It’s good to be the evil queen. It means you can drink on the job, sneer at bankers, and deliver lines like…
“My only venture at this moment is re-establishing control over this continent and every person on it.”
Well, as long as that’s all you’re up to, no problem. Seriously, the whole purpose of the King’s Landing scene is to make sure that we get to see Cersei chat with her banker, collect a few complements and deliver that great wine-sipping-as-mustache-twirling-alternative evil queen line.
There are two scenes this week meant to reassure you that Cersei paid off her debts to the Iron Bank. So … Cersei paid her debts. She’s evil, but not a bad credit risk. It better be important in the future to justify this expenditure of time.
Cersei also gets to stride over her map and remind us of just how much she’s accomplished in bringing six of the seven kingdoms to heel in short order, all while making a profit. She is the very model of a modern major despot. Except … I think we all knew that the start of this week represents Peak Cersei: Euron has outfought his sadly unprepared kin at sea, Cersei has tricked Tyrion into wasting the Unsullied on a lightly-defended Casterly Rock, Jaime has seen off the Queen of Thorns, and I think we can safely assume everyone in Dorne is busy stabbing each other in an effort to be the final survivor / ruler. It’s all great except … that’s kind of it. Cersei still has more or less just one army, and Jaime is busy using it. Euron may be everywhere, but that’s a little harder to pull off with infantry. Cersei got in the first licks, but making it stick is going to take moving from viscous and clever to another gear.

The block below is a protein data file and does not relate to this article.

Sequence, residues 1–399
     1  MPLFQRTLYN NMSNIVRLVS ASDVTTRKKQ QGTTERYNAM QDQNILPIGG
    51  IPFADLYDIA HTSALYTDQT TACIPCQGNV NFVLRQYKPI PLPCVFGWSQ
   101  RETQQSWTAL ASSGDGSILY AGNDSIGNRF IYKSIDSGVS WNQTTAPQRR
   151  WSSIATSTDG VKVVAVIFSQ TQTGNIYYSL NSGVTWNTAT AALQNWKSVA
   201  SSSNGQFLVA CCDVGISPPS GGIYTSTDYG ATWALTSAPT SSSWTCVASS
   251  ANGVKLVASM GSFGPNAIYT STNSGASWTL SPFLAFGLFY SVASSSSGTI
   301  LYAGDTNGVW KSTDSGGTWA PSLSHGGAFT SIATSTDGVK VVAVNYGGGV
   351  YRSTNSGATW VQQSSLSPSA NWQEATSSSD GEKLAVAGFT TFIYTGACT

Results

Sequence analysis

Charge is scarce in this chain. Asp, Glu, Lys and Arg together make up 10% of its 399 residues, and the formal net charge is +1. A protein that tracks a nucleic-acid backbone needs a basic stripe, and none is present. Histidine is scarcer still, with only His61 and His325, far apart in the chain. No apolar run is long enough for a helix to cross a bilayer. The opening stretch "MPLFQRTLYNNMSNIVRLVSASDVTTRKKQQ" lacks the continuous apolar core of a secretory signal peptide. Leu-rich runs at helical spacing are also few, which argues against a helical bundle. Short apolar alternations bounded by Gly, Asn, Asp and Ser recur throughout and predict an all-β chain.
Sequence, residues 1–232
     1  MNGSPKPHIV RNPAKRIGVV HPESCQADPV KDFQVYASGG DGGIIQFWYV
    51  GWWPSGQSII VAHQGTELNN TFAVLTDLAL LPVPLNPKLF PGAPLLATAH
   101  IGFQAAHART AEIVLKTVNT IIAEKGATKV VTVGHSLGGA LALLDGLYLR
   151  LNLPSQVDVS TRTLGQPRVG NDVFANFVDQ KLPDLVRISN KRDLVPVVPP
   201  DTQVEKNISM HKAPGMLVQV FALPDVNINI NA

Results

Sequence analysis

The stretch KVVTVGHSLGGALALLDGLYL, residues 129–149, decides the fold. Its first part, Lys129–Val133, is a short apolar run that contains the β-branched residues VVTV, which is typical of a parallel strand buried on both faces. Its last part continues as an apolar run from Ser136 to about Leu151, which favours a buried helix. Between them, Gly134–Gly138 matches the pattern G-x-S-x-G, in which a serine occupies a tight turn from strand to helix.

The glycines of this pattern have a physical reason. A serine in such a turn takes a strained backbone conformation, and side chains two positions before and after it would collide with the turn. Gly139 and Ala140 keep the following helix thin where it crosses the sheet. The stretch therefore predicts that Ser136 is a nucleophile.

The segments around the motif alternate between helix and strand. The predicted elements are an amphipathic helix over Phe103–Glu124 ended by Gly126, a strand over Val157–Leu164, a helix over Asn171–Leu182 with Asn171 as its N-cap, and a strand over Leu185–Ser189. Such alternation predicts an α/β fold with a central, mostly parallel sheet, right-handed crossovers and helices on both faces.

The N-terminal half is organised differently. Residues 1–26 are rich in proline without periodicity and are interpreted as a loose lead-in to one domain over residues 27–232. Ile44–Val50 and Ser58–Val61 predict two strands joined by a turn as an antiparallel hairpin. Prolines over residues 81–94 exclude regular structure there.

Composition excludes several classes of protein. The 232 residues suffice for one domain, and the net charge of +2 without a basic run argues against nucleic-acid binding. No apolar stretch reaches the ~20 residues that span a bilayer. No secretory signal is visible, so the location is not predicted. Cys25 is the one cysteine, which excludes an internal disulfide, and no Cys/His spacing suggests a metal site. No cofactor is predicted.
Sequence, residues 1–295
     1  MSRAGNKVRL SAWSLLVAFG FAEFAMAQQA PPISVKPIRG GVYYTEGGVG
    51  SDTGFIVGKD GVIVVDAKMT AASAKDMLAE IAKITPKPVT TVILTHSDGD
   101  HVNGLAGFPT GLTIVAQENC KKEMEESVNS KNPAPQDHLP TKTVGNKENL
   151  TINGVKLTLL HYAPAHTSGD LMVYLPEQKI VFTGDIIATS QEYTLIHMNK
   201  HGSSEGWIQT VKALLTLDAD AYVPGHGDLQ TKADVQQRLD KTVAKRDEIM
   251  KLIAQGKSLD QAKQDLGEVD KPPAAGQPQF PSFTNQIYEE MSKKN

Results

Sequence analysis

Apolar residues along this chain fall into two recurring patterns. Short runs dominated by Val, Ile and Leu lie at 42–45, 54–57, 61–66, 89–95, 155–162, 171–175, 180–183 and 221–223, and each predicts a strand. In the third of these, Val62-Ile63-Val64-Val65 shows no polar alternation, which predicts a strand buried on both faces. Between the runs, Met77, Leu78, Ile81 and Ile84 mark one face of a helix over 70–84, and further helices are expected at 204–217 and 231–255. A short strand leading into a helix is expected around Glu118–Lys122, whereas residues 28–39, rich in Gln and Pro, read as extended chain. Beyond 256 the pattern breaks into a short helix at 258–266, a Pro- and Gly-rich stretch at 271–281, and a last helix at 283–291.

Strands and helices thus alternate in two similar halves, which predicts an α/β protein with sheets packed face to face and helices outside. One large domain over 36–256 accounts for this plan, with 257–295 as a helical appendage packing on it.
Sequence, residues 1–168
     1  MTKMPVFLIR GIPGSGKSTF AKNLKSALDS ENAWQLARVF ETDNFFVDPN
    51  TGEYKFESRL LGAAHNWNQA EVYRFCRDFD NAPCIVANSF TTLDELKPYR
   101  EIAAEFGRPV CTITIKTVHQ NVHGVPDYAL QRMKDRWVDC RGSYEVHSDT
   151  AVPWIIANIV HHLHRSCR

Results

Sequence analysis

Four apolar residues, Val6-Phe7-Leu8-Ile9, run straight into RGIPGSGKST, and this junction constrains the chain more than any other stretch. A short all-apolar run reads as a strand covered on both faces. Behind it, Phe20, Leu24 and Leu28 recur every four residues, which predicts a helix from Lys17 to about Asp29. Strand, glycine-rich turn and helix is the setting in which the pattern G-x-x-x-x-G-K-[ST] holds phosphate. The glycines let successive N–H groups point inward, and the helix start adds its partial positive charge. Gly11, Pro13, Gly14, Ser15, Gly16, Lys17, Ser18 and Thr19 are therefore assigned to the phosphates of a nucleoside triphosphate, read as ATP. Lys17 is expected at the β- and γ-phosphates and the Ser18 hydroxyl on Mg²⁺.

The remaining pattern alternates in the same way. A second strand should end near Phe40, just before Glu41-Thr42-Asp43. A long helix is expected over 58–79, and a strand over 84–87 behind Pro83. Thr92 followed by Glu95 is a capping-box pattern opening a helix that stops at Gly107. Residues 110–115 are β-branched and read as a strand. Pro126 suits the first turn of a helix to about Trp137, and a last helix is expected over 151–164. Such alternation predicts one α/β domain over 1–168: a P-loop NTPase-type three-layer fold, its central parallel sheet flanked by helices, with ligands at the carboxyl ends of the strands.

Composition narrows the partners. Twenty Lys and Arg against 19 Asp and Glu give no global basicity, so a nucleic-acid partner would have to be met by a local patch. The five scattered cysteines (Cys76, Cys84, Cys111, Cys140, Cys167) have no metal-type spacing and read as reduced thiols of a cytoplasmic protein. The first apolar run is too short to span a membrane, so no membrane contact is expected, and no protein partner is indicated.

Arya and Sansa and Bran
Another week, another Stark homecoming. Arya comes back to Winterfell in a tragi-comic farce with some hapless guards (I take back what I said earlier—this scene could definitely go) that points up just how long she’s been away and how almost anyone who could identify her is dead. Arya and Sansa have their first face to face since Season 1 in the crypts. Their conversation is singularly short of oh-how-I-missed-yous, both because they hated each other when they were last together, and because they’ve followed such different (but horrible) paths since then. The pause-laden conversation is actually perfect. And you get a sense that there really is a desire on both sides to heal the rifts.
Arya’s statement that “Lady Stark” suits Sansa seems a good step. For her part, Sansa seems both taken aback and fascinated at the idea of Arya’s sleepy-time hit list. Perhaps because Sansa worries that if Arya were to recite the full list, her dear sister might just make the cut.
Up in his room, mystical Bran is being mystical. Which apparently requires him to be an ungrateful ass to Meera Reed. Meera reminds Bran of all that she, her brother, Hodor, and Summer laid down so he could get raveny (not to mention burning up the very last of the semi-immortal race of Children of the Forest). Bran is too busy cleaning his third eye to say bye.